Jesus and the Jewish sages Part 1

We may understand, on a practical level, the Jewishness of Jesus – but do we grasp how far and how conceptually deep that Jewishness goes? Would we be shocked to see the words of Jesus in comparison to the later mishnaic sages of rabbinic Judaism? What does it mean to understand the words and life of Jesus within a Jewish milieu or culture? Let’s compare a few passages from the gospel of Matthew to similar mishnaic writings:

Blessed are the merciful, for they shall receive mercy. (Matthew 5:7)
He who is merciful to men, toward him God is merciful in heaven. (b. Shabbat 151b)

But I say to you that everyone who looks at a woman with lustful intent has already committed adultery with her in his heart. (Matthew 5:28)
You must not suppose that only he who has committed the crime with his body is called an adulterer, if he commits adultery with his eyes he is also called an adulterer. (Leviticus Rabbah 23:12

Let what you say be simply ‘Yes’ or ‘No’; anything more than this comes from evil. (Matthew 5:37)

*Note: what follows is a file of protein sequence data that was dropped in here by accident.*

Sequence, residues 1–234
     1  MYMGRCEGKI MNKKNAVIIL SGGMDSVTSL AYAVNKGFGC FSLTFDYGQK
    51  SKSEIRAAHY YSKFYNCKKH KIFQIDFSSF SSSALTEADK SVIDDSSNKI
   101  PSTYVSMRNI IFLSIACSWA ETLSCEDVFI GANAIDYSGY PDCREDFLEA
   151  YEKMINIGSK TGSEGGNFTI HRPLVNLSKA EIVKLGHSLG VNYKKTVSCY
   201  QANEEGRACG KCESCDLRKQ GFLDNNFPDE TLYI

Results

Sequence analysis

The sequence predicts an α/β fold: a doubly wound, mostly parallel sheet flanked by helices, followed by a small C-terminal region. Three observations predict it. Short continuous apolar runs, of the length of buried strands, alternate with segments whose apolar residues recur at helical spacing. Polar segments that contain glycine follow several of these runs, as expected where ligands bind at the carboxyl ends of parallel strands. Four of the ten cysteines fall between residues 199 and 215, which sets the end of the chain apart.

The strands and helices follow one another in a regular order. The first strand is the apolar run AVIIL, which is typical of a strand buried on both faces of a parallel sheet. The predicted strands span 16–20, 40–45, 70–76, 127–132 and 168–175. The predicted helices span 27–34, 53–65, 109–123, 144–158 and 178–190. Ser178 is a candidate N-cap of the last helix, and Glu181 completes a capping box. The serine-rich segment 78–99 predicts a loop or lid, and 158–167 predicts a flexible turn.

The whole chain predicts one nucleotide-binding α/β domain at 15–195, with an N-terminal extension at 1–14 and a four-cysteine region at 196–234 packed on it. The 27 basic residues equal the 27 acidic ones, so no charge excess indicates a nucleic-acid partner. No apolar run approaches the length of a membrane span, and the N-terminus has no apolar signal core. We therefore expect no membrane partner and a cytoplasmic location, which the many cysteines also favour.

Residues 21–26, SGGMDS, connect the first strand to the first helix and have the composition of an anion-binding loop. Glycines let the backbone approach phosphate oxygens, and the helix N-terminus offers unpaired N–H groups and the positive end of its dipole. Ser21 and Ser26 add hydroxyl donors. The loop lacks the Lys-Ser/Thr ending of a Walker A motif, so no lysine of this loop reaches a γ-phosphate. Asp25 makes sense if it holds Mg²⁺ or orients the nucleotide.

The ‘Yes’ of the righteous is a yes, and the ‘No’ of the righteous is no… (Ruth Rabbah 7:6)

Therefore do not be anxious about tomorrow, for tomorrow will be anxious for itself. Sufficient for the day is its own trouble. (Matthew 6:34)
Do not worry about tomorrow’s trouble, for you do not know what the day will bring. Tomorrow may come and a man will be no more so he has worried about a world which never belonged to him. (b. Yevamot 63b)

How should we react to these conceptual similarities? If we see one aspect of the ministry of Jesus as a teacher and interpreter of Torah, operating in a Jewish, Torah-centric milieu, then we may see passages such as Matthew 5:17-18 in a different light:

Do not think that I have come to abolish the Law or the Prophets; I have not come to abolish them but to fulfill them. For truly, I say to you, until heaven and earth pass away, not an iota, not a dot, will pass from the Law until all is accomplished. Therefore whoever relaxes one of the least of these commandments and teaches others to do the same will be called least in the kingdom of heaven, but whoever does them and teaches them will be called great in the kingdom of heaven. Matthew 5:17-18 (ESV)

How should we view the relationship of Jesus to Torah in light of these similarities? How does this impact our view of the relationship of Paul to the Torah?

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